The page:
Lighting - part 2

02 February 2022 by Darren Leach

Office Union Wharf 97

Top tips for lighting your Bedroom and Bathroom

In our last post, we shared our top tips for lighting lounges and kitchens.

Last summer, we shared our interior design tips from an architect’s perspective, starting with the Womb and the Vessel, otherwise known as the Bedroom and Bathroom respectively. One topic that came up time and again was lighting, as this can make all the difference to our clients, whether designed by us or a lighting designer.

Here’s a quick recap of the difference between functional and ambient lighting: functional lighting serves a purpose for helping you with specific activities around the home, with any gaps in between filled with softer, warmer ambient light to create atmosphere.

Rooftop extension Islington Conservation 5

Bedroom Lighting

Your bedroom will most likely have two atmospheres that you will need to consider when designing the lighting: the first, dimmer light for reading and relaxing; the second, brighter light for dressing and cleaning (oh joy!). This can be achieved through a combination of ceiling, wall, floor and table lamps, which can be switched in a way that suits your waking and sleeping patterns. A really simple move is to adopt ‘hotel style’ switching, whereby the ceiling and walls lights are controlled from the bedside table, meaning you do not have to get out of bed to turn it off, with floor and table lamps also switchable from the door.

Recently we have seen a growing trend for pendant lights placed either side of the bed, which can help free up valuable space on your bedside table in space is tight. When choosing lighting for a children’s bedroom there is even more to think about, such as night time trips to the toilet… and of course keeping the bogeyman at bay!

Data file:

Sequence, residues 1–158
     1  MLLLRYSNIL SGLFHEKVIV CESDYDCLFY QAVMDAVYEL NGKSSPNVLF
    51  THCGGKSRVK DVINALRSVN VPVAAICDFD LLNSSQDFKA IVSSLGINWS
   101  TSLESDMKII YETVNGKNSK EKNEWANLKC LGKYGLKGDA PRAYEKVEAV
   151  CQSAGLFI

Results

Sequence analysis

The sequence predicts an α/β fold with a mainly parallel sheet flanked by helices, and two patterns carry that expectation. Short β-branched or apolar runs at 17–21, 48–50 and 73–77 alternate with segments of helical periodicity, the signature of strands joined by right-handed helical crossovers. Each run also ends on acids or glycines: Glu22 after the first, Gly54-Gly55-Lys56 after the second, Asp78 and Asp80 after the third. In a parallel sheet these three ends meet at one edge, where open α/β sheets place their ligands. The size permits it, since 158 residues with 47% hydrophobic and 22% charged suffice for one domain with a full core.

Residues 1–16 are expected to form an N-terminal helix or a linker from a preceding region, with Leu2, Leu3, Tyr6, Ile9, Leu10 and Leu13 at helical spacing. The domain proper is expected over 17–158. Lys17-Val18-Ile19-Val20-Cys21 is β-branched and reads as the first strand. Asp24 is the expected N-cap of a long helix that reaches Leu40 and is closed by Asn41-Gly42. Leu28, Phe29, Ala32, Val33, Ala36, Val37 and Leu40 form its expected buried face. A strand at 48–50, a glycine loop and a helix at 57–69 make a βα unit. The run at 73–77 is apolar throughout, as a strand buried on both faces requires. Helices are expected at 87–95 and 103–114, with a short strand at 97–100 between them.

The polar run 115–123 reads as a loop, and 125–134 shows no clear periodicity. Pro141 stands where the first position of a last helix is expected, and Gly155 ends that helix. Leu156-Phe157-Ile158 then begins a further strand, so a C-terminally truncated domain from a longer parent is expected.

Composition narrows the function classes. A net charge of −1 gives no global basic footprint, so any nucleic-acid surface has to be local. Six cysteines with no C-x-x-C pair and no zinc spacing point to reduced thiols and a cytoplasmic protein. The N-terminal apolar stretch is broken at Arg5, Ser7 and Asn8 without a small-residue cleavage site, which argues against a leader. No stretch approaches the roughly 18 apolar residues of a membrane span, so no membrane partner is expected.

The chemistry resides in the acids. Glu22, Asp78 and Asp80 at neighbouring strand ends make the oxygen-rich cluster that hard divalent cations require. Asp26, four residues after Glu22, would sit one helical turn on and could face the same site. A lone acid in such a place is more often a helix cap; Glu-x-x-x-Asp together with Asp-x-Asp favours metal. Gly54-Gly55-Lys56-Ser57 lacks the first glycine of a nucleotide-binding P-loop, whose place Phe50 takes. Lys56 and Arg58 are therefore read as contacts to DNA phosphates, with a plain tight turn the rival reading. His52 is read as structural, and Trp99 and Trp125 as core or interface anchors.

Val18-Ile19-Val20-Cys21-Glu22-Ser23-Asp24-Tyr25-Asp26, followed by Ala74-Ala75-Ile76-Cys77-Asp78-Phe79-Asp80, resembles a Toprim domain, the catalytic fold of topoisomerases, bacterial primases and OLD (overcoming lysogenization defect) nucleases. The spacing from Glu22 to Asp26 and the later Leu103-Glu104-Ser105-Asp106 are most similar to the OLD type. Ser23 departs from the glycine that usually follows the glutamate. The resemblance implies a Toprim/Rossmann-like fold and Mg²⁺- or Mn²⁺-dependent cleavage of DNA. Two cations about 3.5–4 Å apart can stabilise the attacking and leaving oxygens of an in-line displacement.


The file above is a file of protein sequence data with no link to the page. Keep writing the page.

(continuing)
Victorian terrace refurbishment 1

Bathroom Lighting

Like bedrooms, lighting in bathrooms needs to adapt to two different moods: either getting ready in the morning and winding down in the evening. You can achieve this by using a mixture of ceiling and wall (or mirror) lights combined with LED strip lights under cabinetry. With the exception of the light switch which must be outside the room or a pull-cord, other switches (override switches for underfloor heating and extractor fans for example) and shaver sockets can be hidden in joinery for a sleek appearance. There are strict safety regulations governing which fittings are suitable for bathrooms, which an electrician will know better than the back of their hand. We try to avoid using spotlights above the bath or the toilet, as these can make you feel as though you are on stage! 

There are some clever products on the market that integrate bathroom lighting with shower heads or extractor fans. If you are considering going down this route, remember to design the other lighting to suit, as – believe it or not – these is such a thing as being too bright.

London Contemporary Extension Staircase

Other Lighting

In addition to lounges, kitchens, bedrooms and bathrooms as we have discussed, we would imagine you have other rooms and spaces in your house requiring lighting: hallways, landings, utility rooms, larders, playrooms, studies, basements and lofts. Not forgetting those outside your house: porches, patios, garages, sheds and – if you’re lucky – swimming pools. Generally speaking, keep the lighting simple – start with the functional lighting by thinking about the activity you will be doing, and then move onto the ambient lighting by imagining how you want to feel whilst you do it. For example underwater lighting to get you in the zone for your morning lengths, combined with tree uplighting for sipping poolside cocktails when the sun goes down… am I the only one in desperate need of a holiday to warmer climes?

Lavender Road Contemporary Bedroom Lighting

We hope you have found this two part post useful when thinking about your own home. Please do not hesitate to get in touch to discuss your next lighting project.

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